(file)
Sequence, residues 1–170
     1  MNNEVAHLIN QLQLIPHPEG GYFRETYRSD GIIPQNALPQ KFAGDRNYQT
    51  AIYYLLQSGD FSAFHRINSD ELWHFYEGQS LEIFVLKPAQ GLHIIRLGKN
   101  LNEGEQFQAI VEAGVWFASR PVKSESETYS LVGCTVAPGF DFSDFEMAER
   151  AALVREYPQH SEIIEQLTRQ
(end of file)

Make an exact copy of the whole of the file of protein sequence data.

Sequence, residues 1–170
     1  MNNEVAHLIN QLQLIPHPEG GYFRETYRSD GIIPQNALPQ KFAGDRNYQT
    51  AIYYLLQSGD FSAFHRINSD ELWHFYEGQS LEIFVLKPAQ GLHIIRLGKN
   101  LNEGEQFQAI VEAGVWFASR PVKSESETYS LVGCTVAPGF DFSDFEMAER
   151  AALVREYPQH SEIIEQLTRQ